The Four Common Types of Stress

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Dr Karl Albrecht, a management consultant based in California, is a pioneer in the development of stress-reduction training for business people. He defined four common types of stress in his book, "Stress and the Manager."

While everyone experiences different physical and emotional symptoms of stress, it's important to understand how you respond to each one. When you can recognize the type of stress you're experiencing, you can take steps to manage it more effectively.


The four common types of stress are:


1. Time Stress occurs when you worry about time, or the lack thereof. Or all the things that you have to do, and you fear that you'll fail to achieve something important. You worry about a deadline or rushing to avoid being late. It’s critical to manage this stress to work productively in an organization.


Learn good time management skills. This can include using To-Do Lists  for example. Check out our tools on Time Management and Eisenhower Urgent-Important Matrix. Ensure you're devoting enough time to important priorities.

Also, make sure that you're polite but assertive  about saying "no"  to tasks that you don't have the capacity to do.


2. Anticipatory Stress is focused on something in the future. It is often focused on a specific event, such as an upcoming presentation that you're going to give. Because it is future based, start by recognizing that the event you're dreading doesn't have to play out as you imagine.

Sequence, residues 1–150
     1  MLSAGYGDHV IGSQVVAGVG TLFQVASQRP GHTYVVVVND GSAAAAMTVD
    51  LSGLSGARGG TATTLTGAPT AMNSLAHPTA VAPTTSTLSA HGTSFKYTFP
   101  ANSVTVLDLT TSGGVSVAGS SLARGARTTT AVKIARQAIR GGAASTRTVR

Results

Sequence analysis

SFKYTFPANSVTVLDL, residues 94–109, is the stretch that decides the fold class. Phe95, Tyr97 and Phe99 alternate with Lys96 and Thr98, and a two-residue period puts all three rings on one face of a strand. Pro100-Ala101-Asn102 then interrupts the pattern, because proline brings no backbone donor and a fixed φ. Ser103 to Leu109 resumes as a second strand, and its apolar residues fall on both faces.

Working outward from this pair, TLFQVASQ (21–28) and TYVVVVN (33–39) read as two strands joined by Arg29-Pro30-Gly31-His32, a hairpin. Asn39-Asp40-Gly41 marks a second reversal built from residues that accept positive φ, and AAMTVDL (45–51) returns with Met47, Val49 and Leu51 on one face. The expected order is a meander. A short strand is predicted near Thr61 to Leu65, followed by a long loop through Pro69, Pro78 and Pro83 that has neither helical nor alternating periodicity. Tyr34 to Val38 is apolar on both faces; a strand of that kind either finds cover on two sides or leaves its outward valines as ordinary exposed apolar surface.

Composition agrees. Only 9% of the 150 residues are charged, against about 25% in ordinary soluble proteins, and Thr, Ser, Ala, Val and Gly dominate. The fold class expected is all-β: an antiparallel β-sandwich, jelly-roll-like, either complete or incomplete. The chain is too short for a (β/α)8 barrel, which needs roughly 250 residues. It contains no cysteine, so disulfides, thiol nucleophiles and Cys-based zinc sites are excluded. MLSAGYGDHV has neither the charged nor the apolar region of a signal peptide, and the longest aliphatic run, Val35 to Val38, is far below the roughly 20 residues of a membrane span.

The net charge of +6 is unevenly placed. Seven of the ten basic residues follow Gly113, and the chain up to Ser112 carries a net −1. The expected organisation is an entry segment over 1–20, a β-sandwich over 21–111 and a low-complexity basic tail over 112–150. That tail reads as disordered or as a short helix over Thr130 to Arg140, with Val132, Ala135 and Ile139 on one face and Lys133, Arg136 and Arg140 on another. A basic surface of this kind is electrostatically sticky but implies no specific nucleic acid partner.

Anticipatory stress can result from a lack of confidence. Often, addressing these personal fears directly will lower your stress. In this example, if you put in extra time to practice and prepare for tough questions, you'll likely feel more prepared for the presentation.


3. You experience Situational Stress when you're in a scary situation that you have no control over. This could be an emergency. Commonly, it's a situation that involves conflict, or a loss of status or acceptance. For instance, making a major mistake in front of your team or losing a customer.


To manage situational stress better, refer to The Stockdale Paradox to develop the middle ground between belief in your future while dealing with what you can control in your day-to-day.

Conflict is a major source of situational stress. Learn effective conflict resolution skills to be well-prepared to handle the stress of conflict when it arises.


4. You experience Encounter Stress when you worry about interacting with a certain person or group of people – you may not like them, or you might think that they're unpredictable. It also can occur if your role involves a lot of personal interactions with customers or clients, especially if those groups are in distress. Because encounter stress is focused entirely on people, you'll manage this type of stress better by working on your people skills.


A good place to start is to develop greater emotional intelligence: the ability to recognize the emotions, wants, and needs of yourself and of others. This is an important skill in interacting with others and in building good relationships.

Empathy is another valuable skill, because it allows you to see the situation from the other person's perspective. It gives you greater understanding and helps you to structure your communications so that you address the other person's feelings, wants, and needs.